Castel  Sweet's profile photo

Castel Sweet

Director, The Center for Community Engagement

Castel  Sweet's profile photo
Location: Oxford, MS
Start Year: 2004
TRHT Pillar: Racial Healing and Relationship Building


Castel Sweet is a community builder and embedded sociologist who works at the intersections of community, culture, and race, particularly emphasizing relationship building through placemaking and place-based engagement practices. She serves as the director of the Center for Community Engagement and assistant professor of practice in Community Engagement in the Division of Diversity and Community Engagement at the University of Mississippi, where she supports the development of mutually beneficial community-campus partnerships. Castel is also the co-facilitator of the Layafette Community Remembrance Project, which seeks to educate Lafayette Countians and beyond regarding the history and continuing effects of lynching and racial violence, with justice at the heart of all we do.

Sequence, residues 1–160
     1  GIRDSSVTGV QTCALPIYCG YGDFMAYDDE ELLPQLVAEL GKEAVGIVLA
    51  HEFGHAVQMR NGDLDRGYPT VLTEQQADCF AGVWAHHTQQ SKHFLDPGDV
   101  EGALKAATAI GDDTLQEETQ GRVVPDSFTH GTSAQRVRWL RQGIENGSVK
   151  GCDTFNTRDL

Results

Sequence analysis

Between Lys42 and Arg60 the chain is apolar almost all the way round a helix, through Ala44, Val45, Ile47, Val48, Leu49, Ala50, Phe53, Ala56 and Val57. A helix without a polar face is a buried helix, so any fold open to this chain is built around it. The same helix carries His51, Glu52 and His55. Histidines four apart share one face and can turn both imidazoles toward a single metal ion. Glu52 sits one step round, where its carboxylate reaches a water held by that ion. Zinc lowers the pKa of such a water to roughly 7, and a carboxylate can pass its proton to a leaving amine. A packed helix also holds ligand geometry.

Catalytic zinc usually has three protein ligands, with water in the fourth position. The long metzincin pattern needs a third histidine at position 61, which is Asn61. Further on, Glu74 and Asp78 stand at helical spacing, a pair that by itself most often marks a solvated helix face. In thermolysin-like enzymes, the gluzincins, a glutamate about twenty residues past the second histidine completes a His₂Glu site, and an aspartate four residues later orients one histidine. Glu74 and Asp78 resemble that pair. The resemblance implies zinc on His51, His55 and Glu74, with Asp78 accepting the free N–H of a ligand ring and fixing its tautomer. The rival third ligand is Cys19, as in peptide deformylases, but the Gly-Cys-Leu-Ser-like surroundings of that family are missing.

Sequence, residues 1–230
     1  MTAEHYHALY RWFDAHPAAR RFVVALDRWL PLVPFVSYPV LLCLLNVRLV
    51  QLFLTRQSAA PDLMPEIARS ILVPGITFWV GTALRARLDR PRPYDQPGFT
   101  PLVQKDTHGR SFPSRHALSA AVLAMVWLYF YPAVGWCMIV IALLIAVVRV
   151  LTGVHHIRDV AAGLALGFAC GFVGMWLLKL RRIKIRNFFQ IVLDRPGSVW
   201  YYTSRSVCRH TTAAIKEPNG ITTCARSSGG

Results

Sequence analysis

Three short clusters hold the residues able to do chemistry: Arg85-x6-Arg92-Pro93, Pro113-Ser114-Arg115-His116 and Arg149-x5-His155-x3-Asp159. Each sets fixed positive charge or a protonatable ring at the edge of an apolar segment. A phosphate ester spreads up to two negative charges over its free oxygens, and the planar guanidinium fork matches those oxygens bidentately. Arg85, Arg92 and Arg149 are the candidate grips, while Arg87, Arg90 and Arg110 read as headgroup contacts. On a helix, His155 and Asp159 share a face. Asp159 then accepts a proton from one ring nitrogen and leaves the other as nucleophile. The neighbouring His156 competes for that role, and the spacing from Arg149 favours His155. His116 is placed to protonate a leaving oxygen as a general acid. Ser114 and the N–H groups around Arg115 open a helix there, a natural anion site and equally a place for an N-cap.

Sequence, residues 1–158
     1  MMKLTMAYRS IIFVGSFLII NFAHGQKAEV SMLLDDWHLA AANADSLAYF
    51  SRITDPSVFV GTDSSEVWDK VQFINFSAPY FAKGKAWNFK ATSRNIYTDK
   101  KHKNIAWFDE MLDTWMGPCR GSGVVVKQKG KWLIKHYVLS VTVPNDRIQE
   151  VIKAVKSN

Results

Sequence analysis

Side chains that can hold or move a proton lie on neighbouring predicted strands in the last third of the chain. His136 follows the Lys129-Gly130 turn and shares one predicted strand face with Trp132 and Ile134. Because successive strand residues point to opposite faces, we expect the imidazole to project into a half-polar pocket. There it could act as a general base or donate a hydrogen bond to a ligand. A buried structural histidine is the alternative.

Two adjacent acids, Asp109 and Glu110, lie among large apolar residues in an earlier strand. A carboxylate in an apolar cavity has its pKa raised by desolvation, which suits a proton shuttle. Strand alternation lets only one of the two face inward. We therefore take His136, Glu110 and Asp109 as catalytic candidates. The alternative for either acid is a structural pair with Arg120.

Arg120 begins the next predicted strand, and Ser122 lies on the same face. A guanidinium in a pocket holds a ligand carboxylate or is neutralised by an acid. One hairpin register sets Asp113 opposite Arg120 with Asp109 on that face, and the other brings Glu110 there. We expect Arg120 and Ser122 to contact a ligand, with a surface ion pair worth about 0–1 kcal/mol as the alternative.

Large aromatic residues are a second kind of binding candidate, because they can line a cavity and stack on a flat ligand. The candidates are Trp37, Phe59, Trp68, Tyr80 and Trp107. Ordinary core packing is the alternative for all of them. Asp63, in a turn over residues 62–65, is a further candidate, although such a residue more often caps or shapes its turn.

Castel is a practitioner-scholar committed to using her skills and talents to create a thriving community where all people can be their whole and authentic selves regardless of their identities and life experiences. She has collaborated with communities and community-led organizations to deepen their impact and strengthen their capacity to achieve sustainable outcomes grounded in the lived experiences of community members. In addition, she has a growing track record advancing racial equity, working in community with others to engage in storytelling and truth telling to promote racial healing. 


As part of the cohort, Castel is excited to deepen her work with the Lafayette Community Remembrance Project based in Lafayette County, Miss., which uses the Equal Justice Initiatives Community Remembrance Project model to confront the tragic history of lynching and racial violence through truth telling, and to promote healing and transformation in our community. She will work with the group to organize gatherings for individuals and communities in Mississippi (and beyond) interested in memorialization work around racial injustice. Through this work, she hopes to increase her capacity and the capacity of others to support our collective ability to heal from the wounds of the past, build mutually respectful relationships and trusting intergenerational and diverse community relationships that better reflect our common humanity.

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Culture of Health Leaders Institute for Racial Healing

A Robert Wood Johnson Foundation Program